It’s been a bit of a rollercoaster since. The model was initially on display but once it was confirmed it was only put out between the hours of 1 to 3pm. Even this proved awkward with the fencing around the path through the village being ignored by enthusiastic visitors trying to get the perfect picture and it was withdrawn altogether. The stable has since reappeared but under a clear plastic box covering.
The owners of the Model Village now have a decision to make. They’ve already received offers of large amounts of money for it but have also enjoyed a massive uplift in visitor numbers. Do they take a quick sale which would alleviate them of their security headache or should they keep it as it will no doubt be a significant draw for attracting visitors for years to come?
The owner of Merrivale Model Village, Mr Newsome, told the BBC that in the short-term he wanted to keep the model “as it was intended – for the public to enjoy and appreciate” adding “But in the long-term we’ve got to make the right decision, we don’t want to jump into anything. We are a family business and we will need to sit down together about it.”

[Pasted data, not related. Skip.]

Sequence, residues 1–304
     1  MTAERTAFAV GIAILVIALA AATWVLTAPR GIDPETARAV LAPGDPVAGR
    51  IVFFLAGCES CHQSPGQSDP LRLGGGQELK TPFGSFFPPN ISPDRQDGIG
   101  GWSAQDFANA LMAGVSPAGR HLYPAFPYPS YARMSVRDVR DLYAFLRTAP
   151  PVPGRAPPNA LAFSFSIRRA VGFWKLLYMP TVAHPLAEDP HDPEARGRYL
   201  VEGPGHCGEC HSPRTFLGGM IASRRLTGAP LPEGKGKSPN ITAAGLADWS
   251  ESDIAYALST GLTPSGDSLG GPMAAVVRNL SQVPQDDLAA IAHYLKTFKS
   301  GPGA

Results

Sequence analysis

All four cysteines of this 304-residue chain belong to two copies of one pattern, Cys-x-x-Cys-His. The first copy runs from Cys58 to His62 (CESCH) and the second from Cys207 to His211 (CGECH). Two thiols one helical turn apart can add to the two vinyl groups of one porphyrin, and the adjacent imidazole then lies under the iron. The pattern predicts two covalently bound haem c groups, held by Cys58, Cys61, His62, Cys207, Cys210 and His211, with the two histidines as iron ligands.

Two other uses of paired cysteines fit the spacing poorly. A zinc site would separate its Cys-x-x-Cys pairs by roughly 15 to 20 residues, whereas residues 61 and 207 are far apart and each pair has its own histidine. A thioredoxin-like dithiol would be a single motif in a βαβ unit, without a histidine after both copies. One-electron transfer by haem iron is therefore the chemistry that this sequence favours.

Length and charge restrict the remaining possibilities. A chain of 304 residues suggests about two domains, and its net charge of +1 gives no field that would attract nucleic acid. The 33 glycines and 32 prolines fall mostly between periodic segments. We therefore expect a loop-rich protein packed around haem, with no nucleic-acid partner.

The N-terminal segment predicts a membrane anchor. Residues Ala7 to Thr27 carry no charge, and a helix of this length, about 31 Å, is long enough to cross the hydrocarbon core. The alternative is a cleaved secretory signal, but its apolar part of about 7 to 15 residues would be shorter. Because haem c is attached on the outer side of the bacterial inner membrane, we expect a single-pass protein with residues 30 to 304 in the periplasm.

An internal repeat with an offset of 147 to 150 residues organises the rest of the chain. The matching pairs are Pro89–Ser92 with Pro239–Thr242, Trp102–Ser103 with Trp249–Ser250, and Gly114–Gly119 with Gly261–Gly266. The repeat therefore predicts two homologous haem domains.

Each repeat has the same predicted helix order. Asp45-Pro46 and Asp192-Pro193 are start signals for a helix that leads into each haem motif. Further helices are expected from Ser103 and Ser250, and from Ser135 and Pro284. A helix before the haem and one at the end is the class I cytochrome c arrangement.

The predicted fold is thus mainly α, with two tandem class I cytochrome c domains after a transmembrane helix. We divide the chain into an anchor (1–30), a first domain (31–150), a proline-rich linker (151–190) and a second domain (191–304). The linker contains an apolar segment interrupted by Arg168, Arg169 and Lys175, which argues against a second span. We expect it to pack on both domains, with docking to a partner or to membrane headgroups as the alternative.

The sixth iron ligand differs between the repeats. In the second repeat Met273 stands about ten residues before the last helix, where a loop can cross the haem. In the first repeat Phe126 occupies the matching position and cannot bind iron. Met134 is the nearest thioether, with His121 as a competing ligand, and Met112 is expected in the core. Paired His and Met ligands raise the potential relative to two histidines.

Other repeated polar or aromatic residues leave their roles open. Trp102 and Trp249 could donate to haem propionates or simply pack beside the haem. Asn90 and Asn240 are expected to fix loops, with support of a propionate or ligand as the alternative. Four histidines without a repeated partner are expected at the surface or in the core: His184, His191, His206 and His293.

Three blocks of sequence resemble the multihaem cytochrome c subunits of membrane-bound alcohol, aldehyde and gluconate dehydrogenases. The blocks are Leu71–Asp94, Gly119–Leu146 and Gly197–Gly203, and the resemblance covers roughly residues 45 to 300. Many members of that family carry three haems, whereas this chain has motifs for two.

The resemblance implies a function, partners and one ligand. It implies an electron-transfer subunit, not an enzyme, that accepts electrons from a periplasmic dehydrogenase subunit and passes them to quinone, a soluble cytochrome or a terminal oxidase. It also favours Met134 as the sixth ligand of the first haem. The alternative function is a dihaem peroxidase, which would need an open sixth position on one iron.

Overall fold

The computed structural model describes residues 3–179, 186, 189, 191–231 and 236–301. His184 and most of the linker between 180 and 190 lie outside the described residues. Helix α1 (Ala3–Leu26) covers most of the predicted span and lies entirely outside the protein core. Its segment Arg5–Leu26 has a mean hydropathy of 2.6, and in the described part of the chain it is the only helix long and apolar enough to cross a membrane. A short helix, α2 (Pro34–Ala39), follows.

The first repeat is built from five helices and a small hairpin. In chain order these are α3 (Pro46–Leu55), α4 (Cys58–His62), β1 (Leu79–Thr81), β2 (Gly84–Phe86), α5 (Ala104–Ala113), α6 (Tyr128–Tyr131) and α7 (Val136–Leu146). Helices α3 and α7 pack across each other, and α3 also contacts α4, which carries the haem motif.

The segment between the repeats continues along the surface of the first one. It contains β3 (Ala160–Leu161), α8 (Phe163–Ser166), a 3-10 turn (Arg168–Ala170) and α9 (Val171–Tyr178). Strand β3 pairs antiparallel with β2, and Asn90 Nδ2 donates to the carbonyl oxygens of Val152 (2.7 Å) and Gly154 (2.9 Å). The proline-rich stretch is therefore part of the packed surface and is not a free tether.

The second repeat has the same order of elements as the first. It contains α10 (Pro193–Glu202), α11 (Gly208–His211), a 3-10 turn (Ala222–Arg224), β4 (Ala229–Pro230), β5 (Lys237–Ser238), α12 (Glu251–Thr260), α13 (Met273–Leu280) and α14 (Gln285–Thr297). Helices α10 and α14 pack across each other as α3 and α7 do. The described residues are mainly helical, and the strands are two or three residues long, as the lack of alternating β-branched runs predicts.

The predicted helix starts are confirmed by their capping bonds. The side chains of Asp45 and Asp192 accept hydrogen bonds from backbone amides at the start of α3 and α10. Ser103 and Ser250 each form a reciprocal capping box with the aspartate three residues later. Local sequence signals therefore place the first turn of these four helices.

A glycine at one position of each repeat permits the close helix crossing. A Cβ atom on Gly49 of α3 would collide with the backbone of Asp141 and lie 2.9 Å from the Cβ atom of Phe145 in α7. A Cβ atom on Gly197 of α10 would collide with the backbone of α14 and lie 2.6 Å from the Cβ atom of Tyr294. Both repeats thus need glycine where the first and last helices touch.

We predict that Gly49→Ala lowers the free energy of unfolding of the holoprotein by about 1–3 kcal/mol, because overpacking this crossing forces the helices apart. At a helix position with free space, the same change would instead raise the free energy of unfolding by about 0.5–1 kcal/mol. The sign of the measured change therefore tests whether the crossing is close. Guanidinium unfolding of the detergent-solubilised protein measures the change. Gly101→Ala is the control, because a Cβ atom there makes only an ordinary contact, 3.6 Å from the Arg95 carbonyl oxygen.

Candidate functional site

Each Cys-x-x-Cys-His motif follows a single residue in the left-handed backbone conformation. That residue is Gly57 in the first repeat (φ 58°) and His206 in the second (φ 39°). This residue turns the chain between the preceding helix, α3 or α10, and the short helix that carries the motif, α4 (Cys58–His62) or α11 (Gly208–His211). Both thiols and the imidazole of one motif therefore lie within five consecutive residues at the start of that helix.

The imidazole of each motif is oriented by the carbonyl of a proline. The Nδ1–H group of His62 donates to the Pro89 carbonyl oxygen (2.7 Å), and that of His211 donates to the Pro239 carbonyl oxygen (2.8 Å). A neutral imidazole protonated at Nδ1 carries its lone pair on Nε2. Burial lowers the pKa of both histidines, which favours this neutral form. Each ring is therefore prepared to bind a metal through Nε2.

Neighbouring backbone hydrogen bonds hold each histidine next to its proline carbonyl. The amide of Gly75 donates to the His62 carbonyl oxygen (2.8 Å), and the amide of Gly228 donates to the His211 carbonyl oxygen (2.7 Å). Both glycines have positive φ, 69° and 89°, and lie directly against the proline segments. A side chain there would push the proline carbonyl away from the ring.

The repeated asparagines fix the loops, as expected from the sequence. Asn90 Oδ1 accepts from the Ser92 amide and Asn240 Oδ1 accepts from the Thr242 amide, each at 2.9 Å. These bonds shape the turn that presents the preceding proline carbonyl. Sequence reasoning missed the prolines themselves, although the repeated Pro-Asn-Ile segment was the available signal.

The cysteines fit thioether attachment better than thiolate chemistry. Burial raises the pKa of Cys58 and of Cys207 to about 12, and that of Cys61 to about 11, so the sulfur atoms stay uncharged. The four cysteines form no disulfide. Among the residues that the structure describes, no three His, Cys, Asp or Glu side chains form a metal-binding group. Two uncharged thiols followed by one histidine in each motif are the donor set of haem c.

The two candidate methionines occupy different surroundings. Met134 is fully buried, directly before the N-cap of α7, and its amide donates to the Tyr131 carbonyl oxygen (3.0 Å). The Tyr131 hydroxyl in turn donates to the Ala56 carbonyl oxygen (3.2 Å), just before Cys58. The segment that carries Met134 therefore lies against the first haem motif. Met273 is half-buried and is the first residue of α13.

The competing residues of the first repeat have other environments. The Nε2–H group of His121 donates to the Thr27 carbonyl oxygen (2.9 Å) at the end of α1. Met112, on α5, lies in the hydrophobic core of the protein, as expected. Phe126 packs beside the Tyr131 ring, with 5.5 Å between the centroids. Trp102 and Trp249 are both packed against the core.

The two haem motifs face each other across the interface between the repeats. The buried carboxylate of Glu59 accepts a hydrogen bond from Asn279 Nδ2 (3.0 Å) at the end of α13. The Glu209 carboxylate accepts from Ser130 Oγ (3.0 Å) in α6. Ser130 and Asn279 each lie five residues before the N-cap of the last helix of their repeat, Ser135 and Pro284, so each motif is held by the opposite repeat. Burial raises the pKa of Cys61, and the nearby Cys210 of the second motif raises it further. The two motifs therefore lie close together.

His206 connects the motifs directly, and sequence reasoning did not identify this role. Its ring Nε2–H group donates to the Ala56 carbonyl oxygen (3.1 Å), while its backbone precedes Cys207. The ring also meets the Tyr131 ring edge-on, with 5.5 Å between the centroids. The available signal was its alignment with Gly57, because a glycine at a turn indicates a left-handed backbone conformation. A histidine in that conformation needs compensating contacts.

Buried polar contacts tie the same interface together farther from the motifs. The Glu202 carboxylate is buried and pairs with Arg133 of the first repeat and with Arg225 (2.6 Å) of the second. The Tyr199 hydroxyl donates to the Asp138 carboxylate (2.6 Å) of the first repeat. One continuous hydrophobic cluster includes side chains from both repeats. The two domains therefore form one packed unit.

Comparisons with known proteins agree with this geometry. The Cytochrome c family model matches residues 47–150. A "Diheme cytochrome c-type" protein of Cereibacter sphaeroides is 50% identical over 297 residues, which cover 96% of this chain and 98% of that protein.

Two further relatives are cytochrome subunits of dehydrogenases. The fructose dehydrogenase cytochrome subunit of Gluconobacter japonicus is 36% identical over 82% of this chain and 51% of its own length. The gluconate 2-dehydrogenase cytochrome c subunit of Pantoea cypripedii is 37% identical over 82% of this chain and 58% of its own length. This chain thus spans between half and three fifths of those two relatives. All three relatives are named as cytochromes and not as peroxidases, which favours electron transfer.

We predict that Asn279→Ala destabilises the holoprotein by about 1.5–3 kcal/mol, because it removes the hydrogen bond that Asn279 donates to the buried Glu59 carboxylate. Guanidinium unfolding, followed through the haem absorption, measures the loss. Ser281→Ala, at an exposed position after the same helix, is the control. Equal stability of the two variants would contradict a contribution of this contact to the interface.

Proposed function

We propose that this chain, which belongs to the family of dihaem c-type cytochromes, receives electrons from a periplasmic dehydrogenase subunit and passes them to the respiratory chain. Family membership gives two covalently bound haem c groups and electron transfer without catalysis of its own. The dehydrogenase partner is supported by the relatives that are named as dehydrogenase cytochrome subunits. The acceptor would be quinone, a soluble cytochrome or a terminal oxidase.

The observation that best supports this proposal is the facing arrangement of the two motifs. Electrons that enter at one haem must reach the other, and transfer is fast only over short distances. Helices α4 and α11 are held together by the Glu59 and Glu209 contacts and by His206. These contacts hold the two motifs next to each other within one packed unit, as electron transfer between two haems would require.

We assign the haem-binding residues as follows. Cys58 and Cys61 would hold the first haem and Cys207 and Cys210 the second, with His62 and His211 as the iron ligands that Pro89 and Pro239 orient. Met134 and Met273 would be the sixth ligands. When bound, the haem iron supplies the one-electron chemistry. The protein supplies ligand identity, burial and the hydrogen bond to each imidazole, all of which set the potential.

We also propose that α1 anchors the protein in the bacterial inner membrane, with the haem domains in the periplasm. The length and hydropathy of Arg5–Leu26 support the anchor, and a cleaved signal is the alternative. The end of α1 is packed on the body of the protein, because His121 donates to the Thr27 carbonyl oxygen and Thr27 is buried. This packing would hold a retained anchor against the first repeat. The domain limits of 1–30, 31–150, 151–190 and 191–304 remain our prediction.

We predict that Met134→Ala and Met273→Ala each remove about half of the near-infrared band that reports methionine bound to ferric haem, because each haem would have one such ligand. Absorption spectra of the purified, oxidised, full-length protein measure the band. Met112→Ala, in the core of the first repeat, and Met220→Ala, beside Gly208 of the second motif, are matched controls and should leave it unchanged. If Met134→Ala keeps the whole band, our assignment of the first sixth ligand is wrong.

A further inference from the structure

It wasn’t available to see on the day of my visit. I hope one day I’ll get to have an opportunity to photograph it, complete with its restored accompanying model figure, in its original setting.
Banksy: ‘Luxury Rentals Only’ crab homes, Cromer Beach
The most northerly of the Spraycation pieces depicts a bunch of homeless hermit crabs arriving to be met with a sign declaring ‘Luxury Rentals Only’. It’s located in Cromer, a fishing town famous for the Cromer Crab but the piece seems to be addressing the lack of available affordable homes.
North Norfolk District Council were originally of the opinion that it should be left to naturally decay but since it has been confirmed by Banksy they’ve arranged for it to be protected by perspex covering. Like many of the other pieces this will help in its preservation but ruins the effect. This has been compounded by the fact that the level of the stones in front of the piece has been dropping so it now appears the crabs are hovering in the air. It’s also been hit with an offensive painted slogan above it (since removed) which referenced a conspiracy theory.
Finally it’s worth mentioning the interaction these pieces have enjoyed since being revealed. Here’s some shots of the public enjoying Banksy’s new additions from his Spraycation….